Because I am a writer who often writes about personal things, I wrote about the loss, but not until two years after it happened. Two years that included the birth of my first child, a healthy baby boy. During those two years, I had heard many stories from friends that were far more tragic than mine, but I tried to write as honestly as I could about the grief and anger and sense of failure, the shame and fear and uncertainty that even an early miscarriage can cause. People told me I was brave.

Maybe, but even if I had the digital tools or the platform that Teigen and Legend have, I could never have done what they did. I am not that brave. Grief is easier to express when it has been, to a certain extent, overcome.

And if we’re being honest, that is how Americans like their grief — in the past tense, infused more with melancholy and wisdom than the raw, shrieking pain of those early moments when we realize what had been there is now gone. Forever.

Miscarriage, even more than other forms of loss, is something far more commonly discussed in the past tense, after everyone has collected themselves and can see things in perspective, whatever that perspective might be. Some see it as the loss of a child, others as the loss of a possibility.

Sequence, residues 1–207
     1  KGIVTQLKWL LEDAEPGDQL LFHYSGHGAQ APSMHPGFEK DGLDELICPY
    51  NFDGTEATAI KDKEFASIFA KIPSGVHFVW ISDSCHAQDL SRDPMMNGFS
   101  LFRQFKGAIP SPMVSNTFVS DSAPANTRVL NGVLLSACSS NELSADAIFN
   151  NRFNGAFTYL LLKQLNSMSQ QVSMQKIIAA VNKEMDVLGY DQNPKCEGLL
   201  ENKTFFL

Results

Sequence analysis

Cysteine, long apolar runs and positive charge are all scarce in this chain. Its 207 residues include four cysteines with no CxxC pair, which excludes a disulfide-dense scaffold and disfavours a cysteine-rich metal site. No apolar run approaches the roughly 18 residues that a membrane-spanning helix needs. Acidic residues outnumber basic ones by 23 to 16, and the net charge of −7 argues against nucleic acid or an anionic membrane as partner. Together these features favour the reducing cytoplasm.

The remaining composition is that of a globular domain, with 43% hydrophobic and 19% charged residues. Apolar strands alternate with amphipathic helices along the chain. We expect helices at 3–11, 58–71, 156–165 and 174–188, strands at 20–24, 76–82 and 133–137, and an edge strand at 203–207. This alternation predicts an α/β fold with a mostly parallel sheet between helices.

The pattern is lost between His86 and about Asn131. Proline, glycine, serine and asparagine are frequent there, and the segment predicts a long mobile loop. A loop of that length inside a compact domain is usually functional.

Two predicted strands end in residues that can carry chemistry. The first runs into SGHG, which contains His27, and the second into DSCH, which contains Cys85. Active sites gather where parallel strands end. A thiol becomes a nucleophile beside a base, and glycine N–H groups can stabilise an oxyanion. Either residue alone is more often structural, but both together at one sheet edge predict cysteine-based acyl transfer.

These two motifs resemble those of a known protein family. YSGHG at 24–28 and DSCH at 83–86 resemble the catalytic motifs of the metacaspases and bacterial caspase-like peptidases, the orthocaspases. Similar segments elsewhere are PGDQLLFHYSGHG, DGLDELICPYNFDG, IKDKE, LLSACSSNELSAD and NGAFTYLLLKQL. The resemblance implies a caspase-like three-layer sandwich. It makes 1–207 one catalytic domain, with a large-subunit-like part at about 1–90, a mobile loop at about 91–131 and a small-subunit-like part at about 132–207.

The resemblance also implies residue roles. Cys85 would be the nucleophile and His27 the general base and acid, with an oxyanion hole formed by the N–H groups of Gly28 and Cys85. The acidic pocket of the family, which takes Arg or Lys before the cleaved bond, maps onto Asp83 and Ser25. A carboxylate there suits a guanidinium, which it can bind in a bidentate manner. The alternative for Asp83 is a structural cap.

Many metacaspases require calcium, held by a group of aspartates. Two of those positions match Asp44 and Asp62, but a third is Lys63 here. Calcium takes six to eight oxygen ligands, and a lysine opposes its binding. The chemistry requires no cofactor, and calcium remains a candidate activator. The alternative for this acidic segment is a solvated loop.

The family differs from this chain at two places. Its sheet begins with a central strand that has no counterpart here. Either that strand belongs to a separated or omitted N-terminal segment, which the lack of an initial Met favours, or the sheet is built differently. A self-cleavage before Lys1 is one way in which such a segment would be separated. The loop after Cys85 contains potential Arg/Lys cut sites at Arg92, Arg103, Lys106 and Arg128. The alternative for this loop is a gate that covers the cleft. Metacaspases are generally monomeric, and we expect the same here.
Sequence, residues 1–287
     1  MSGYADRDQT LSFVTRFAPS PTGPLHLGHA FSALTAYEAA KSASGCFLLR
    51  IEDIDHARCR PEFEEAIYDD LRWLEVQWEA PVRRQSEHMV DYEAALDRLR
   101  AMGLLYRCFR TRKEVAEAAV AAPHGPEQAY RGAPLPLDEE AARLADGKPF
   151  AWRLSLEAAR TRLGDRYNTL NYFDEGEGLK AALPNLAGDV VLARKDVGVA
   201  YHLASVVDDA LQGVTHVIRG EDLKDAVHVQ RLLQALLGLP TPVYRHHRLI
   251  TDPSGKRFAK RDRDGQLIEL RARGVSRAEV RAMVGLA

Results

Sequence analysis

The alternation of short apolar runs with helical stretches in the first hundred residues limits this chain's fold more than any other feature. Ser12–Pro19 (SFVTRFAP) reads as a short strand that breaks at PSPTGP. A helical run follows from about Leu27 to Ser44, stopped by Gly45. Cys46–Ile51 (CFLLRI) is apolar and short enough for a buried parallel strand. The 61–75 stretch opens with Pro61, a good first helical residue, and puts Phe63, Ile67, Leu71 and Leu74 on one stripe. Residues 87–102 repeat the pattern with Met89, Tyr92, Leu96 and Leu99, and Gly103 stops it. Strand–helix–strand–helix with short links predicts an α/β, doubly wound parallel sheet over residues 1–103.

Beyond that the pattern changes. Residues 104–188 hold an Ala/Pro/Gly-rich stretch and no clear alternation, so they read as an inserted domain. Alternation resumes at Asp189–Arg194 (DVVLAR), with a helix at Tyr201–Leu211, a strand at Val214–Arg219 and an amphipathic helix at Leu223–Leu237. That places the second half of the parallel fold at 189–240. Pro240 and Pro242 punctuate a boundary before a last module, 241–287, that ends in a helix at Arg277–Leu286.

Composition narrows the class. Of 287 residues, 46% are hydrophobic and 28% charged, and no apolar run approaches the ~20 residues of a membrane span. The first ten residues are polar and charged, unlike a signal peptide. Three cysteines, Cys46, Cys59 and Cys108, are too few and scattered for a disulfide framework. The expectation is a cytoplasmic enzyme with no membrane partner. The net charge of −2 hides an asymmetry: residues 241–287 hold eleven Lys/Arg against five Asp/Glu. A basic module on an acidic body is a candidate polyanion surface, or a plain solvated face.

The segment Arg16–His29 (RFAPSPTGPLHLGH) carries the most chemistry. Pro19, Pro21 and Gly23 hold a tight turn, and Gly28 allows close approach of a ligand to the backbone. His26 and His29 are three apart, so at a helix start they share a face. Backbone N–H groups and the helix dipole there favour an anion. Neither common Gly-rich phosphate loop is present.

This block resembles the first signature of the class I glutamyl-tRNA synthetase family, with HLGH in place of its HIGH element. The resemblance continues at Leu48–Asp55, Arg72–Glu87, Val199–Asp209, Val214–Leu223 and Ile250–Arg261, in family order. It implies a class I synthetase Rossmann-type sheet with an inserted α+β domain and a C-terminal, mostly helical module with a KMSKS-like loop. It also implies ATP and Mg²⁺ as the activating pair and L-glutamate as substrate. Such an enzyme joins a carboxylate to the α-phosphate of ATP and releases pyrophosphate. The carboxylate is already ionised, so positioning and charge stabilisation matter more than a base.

Too often, we like to name our grief, categorize it, place it in some sort of hierarchy. This gives us the illusion of control, and while we all know from experience that great pain often results in moments of near frenzy, we don’t really want to see that part when it happens to others. At least not in public. No, we prefer to separate ourselves from that raw experience by offering comfort and support with the traditional, agreed-upon gestures of flowers or food or words of hope.

The immediate, visceral human reaction to loss is so beyond the reach of those gestures it makes us feel helpless; it cannot be comforted, only endured. And so, many believe, that sort of pain should occur only in private.

Why, some wondered, would Teigen and Legend take photos of those terrible moments, and why share them publicly?

Because those moments happened, that’s why. Because they happen all the time, to all sorts of people. Because pregnancy is not all adorable baby bumps and weird cravings and super cute onesies. Because miscarriage is not a statistic any more than a death from COVID-19 or any other cause is a statistic.

Life and its losses cannot always be wished into a comfortable narrative of self-discovery or curated into shared wisdom. Tragedy walks among us at all hours of each day. Sooner or later, every one of us feels its inexorable, impersonal power. Something that was ours is torn away, and we howl in pain and protest

That is what Teigen and Legend shared with the world — that one minute they had been happy, then anxious and, finally, heartbroken.

Also deeply honest and very brave. Somewhere, the boy who would have been Jack must be proud.

Source Article